Other provinces have decided not to ship the drug at this time. Neither Ontario nor Manitoba, for instance, have moved their stockpiles, but both provinces say pharmacies within their jurisdictions have supplies.

In Nova Scotia, where eight children have come down with the disease, the stockpile has also not been distributed. But students at King's-Edgehill School in Windsor, which the children attended, have been treated.

Other schools and school boards across the country have started to look at ways to keep their students safe.

In Victoria, daily notices are being sent to parents about the flu situation and students are reminded to practise proper hygiene. The board brought in extra custodial staff to make sure door knobs, faucets and other heavily used items are kept clean. Hand sanitizers have been ordered for classrooms that don't have sinks.

"We certainly don't want them [students] panicked in any way. But we want them to be informed," said John Gaiptman, superintendent of schools for the Greater Victoria School District.

Health-care facilities are also stepping up their flu watch.

In many Toronto-area hospitals, for instance, triage nurses working in the emergency departments are wearing N95 respiratory masks. Posters at the doors of hospitals tell patients and visitors coming in with a new or worsening cough, fever or shortness of breath to identify themselves immediately to the triage nurse so they can be given a surgical mask

On a national level, Health Canada is planning to roll out a new awareness campaign today to alert Canadians to the symptoms of the new influenza and the precautions that should be taken.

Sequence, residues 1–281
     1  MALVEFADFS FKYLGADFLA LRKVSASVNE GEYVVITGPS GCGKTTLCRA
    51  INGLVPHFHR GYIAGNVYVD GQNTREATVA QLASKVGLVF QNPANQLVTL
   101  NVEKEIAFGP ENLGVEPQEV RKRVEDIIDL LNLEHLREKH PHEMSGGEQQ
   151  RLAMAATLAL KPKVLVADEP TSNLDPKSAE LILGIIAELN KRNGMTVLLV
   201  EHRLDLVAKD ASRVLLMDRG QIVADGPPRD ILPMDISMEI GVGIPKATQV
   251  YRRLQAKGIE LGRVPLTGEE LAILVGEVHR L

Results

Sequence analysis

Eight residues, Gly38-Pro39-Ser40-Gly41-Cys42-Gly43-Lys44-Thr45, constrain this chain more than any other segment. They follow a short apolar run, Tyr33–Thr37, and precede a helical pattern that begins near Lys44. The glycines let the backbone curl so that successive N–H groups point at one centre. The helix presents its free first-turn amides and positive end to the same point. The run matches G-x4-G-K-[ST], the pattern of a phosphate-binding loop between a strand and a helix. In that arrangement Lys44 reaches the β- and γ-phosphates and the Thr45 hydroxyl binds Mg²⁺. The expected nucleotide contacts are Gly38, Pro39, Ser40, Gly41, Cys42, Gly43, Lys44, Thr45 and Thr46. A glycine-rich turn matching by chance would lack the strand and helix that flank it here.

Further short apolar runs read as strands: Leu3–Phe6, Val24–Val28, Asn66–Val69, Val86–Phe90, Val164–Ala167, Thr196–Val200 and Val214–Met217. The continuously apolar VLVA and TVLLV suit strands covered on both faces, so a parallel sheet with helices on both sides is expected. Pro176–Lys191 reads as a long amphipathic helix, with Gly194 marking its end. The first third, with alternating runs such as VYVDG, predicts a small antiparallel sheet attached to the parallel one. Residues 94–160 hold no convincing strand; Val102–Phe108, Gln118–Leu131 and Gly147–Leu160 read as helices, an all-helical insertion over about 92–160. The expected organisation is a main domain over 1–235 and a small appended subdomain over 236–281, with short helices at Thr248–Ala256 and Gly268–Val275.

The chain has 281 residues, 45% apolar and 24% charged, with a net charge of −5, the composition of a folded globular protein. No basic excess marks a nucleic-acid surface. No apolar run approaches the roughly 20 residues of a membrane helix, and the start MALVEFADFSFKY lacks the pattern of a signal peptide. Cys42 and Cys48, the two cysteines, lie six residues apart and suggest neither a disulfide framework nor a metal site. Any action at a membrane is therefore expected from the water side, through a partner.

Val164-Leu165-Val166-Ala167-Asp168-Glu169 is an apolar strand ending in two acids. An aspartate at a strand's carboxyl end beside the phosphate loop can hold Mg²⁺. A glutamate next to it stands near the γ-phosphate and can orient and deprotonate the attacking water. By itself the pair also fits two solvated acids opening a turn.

The government has begun discussions with GlaxoSmithKline Inc., the pharmaceutical company that is under contract to make a vaccine should one be necessary.

Frank Plummer, scientific director of the National Microbiology Laboratory in Winnipeg, said yesterday that vaccine production is at a very early stage. The seed stock has been developed and scientists are now trying to grow it and determine its effectiveness.

The big difference between an ordinary influenza and a pandemic, said Dr. Butler-Jones, is not the severity of the disease but the numbers of people who could become ill.

According to Canada's Pandemic Influenza Plan, a federal plan on how to deal with wide-scale national outbreaks, a pandemic flu could kill between 11,000 and 58,000 Canadians in a period of about six to eight weeks. The disease could also result in the hospitalization of between 35,000 and 138,000 people and leave between 4.5 million and 10.6 million others too sick to work, which could have a devastating impact on the economy.

While the disease is mild at this point, Dr. Butler-Jones said no one can tell what the future will bring. Previous pandemics have appeared to die out with the approach of summer and then recurred with a vengeance with the return of cold weather.

"And that's why all of this preparation is needed, not only for today but to make sure that we don't have a bigger problem when and if it comes back in October or November," he said.

In Mexico, where there were 260 confirmed cases and 12 confirmed deaths as of yesterday, citizens have been urged to stay home until Tuesday in hopes of containing the outbreak.

"There is no safer place to protect yourself against catching swine flu than in your house," Mexican President Felipe Calderon said in a televised address Wednesday night.